The Army that Walked on Water

For the Swedish king Charles X Gustav, the freezing winter of 1658 provided a unique opportunity: to march across the ice and create a Scandinavian superkingdom.

Cnut’s Rivals

A new old take on the Danish succession, complete with tales of derring do.

Nansen of the Fram

Scientist and, later, international statesman, Nansen embarked upon his great polar voyage in 1893, writes Michael Langley.

Gustavus III, King of Sweden

Once acclaimed as an “enchanter on the throne” Gustavus was both loved and hated; but, writes Oliver Warner, those who loved him were better men than his enemies.

Father Robertson in Denmark

In 1808, writes H.J. Barnes, a Scottish Benedictine played an important part in securing the return of Spanish troops from Denmark for service in the Peninsular War against Napoleon.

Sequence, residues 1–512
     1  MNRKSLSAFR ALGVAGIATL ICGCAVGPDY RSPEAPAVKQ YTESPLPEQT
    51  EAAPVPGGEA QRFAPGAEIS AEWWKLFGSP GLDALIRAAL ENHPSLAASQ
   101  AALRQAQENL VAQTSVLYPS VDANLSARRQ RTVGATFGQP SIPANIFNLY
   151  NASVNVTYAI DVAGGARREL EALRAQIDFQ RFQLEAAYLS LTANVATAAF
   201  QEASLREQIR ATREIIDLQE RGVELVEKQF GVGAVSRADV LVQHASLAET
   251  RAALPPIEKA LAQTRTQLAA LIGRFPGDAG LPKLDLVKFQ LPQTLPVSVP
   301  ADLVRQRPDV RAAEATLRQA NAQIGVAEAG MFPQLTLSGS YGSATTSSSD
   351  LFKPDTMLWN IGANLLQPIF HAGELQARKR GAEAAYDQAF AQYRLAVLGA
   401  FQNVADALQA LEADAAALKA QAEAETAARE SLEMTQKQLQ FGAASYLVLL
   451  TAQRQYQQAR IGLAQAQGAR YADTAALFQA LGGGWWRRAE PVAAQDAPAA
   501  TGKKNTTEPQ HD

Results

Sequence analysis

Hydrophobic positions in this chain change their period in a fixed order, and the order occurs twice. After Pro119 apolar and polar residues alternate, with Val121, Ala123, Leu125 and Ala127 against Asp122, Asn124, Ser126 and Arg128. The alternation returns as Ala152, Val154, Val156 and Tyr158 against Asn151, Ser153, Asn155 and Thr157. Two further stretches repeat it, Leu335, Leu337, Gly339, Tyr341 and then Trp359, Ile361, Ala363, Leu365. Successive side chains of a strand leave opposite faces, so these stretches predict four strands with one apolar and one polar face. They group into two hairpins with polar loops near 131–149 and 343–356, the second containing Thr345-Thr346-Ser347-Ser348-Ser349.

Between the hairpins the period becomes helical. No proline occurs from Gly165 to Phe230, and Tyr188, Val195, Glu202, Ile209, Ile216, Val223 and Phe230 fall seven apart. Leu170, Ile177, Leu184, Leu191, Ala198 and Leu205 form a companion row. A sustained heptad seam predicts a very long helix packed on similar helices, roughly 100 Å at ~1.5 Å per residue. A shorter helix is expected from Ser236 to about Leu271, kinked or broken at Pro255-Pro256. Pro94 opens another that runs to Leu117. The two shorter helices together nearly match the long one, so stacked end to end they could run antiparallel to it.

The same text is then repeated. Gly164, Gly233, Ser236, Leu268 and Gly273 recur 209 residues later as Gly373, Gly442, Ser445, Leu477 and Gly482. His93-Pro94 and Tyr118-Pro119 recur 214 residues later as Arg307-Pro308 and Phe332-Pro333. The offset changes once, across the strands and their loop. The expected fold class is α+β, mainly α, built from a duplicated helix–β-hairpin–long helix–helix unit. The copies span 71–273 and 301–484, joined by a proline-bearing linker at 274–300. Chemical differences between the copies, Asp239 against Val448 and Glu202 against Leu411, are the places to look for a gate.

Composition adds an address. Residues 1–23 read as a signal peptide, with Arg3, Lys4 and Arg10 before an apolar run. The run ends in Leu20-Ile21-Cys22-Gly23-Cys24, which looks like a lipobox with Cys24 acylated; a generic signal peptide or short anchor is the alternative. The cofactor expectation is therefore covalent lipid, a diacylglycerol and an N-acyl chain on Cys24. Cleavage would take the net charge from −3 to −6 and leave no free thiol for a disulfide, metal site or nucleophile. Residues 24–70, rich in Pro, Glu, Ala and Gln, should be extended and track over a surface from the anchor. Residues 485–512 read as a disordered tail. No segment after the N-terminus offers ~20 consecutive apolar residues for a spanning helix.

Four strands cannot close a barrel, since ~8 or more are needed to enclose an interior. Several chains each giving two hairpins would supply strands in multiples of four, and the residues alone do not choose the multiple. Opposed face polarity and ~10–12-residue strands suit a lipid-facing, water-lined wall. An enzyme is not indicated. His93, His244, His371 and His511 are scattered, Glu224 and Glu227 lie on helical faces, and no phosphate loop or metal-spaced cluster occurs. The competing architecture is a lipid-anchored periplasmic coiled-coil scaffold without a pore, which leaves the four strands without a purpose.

Canning and the Danes, 1807

The British attacked Copenhagen in August 1807 because, Canning claimed, Denmark was about to become a French satellite. Hilary Barnes asks, was he mistaken?

Elsinore and the Danish Sound Dues

For over 400 years, writes Oliver Warner, the Sovereigns of Denmark exacted dues from all ships using the Sounds at the entrance to the Baltic Sea.

The Independence of Norway

Cyril Falls describes the dissolution of the union of Norway and Sweden, and the subsequent ascension of a Danish Prince to the Norwegian throne.